On a foraging tour for edible plants in a Brooklyn park on March 4, guide Steve Brill (on the left) found some surprises thanks to an unusually mild winter. As he starts his 30th year of tours, Brill says he has watched the arrival of spring creep up by about three weeks. This year, after an unusually mild winter, is unprecedented, he said. Poor man's pepper (center) usually doesn't show up this early in the spring, but today it was the first plant he found for the group.
More research is showing that the timing of seasonal events, like the appearance of plants first leaves and flowers, or bird migrations, is shifting. Research based on observations of lilacs and honeysuckle indicates these signs of spring have crept forward by about 1 day per decade between 1955 and 2002 across much of the temperate Northern Hemisphere.
Digging out another unusual find for early March: yellow wood sorrel. This lemon-flavored plant doesn't normally show up for at least another month, Brill said.
Steve Brill holds a young garlic mustard plant. He recommends this wild green go into salads. For the past three decades his tours have started in early March, but they used to be winter tours he said. "I would show people how to make tea with pine needles and the twigs of sassafras, and I would show people the skeletons of out-of-season plants," Brill said.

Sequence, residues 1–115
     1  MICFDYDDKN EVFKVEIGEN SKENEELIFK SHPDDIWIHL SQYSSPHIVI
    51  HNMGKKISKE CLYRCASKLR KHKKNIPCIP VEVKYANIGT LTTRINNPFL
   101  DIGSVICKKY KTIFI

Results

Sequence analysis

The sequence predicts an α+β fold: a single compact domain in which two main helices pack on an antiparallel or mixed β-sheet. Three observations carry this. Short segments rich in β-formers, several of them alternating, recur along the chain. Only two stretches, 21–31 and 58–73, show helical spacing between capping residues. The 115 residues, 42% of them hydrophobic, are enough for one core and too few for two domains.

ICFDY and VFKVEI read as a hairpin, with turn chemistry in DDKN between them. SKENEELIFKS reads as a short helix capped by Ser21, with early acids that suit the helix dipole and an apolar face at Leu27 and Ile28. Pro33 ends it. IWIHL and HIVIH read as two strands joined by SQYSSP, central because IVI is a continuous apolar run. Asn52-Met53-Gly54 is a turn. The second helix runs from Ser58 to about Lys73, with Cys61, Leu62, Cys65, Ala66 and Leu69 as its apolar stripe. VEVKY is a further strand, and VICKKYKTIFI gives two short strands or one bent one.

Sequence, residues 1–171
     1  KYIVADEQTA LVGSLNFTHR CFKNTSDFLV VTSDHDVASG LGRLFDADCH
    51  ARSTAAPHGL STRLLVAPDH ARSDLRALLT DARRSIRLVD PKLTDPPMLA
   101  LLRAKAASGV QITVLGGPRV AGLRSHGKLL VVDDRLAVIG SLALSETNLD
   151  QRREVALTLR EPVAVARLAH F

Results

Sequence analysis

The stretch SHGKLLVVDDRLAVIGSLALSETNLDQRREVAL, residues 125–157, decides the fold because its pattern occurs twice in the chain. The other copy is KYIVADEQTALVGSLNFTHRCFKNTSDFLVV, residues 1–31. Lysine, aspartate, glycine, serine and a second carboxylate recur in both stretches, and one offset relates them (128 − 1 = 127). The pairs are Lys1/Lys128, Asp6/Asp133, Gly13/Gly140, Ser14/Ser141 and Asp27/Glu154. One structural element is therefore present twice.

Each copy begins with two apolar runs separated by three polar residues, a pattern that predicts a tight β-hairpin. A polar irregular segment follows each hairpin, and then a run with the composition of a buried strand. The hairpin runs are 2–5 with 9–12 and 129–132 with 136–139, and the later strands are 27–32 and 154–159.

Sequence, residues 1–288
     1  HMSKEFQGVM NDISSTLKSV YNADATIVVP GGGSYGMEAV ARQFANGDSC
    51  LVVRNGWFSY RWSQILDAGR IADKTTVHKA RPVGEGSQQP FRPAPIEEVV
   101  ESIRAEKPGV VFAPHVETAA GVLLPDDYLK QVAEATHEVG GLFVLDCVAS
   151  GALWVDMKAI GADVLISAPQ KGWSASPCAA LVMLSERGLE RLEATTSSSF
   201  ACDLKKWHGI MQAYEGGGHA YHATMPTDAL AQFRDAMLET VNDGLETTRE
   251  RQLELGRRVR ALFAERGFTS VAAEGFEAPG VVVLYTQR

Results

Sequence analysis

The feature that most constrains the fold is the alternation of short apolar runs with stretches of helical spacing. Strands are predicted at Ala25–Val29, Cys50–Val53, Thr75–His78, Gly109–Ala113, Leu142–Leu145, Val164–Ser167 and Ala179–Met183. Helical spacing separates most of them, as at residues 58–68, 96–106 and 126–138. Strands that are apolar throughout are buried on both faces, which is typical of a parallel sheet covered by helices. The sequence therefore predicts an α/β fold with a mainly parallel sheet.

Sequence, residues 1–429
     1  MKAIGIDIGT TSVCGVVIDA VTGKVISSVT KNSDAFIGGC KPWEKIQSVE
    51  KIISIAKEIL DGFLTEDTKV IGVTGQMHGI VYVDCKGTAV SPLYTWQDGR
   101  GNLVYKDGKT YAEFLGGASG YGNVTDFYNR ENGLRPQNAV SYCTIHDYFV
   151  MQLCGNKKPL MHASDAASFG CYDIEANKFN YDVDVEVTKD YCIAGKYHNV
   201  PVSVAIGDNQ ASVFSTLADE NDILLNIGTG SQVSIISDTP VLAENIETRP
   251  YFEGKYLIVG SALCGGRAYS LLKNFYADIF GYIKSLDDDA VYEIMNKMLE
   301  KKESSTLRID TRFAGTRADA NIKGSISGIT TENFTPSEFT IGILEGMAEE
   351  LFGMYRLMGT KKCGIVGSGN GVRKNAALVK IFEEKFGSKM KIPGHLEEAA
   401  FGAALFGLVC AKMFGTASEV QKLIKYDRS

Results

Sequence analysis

The first green leaves of spring peaked through dead ones from last year.
Crocuses add a purple hue to the side of a path in Prospect Park in Brooklyn. Urban areas, like New York City, are warming more quickly than elsewhere because of the urban heat island effect, which happens when pavement, sidewalks and buildings absorb more heat than a natural environment.
A spring green to avoid: Star of Bethlehem is poisonous. Meteorologists attribute this unusually mild winter in much of the continental U.S. and southern Canada to high-altitude, westerly winds called the jet stream. The polar branch of the jet stream kept cold, Arctic air bottled up further north this year than usual.
Witch Hazel flowers. While this unusually mild winter may bring to mind global climate change, climate scientists are loath to connect a season's weather with much longer-term shifts in climate. Even so, they say, this weirdly warm winter isn't coming out of the blue; the planet has been warming up. For instance, the last decade, which ended in 2009, was the warmest on record.
A chickweed flower. This low-growing annual tastes of corn silk. It's not just the timing of leaves and flowers that Brill has seen change over the 30 years he has led his tours. Given an early start on flowering, berries now ripen earlier in the fall. "The whole cycle is different," he said.